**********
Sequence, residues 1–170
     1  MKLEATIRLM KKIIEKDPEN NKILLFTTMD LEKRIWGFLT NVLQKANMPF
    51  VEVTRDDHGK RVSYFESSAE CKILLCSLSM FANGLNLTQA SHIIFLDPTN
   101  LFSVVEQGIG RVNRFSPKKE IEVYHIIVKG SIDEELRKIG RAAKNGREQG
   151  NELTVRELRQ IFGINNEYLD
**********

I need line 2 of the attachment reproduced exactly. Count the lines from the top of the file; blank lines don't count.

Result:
     1  MKLEATIRLM KKIIEKDPEN NKILLFTTMD LEKRIWGFLT NVLQKANMPF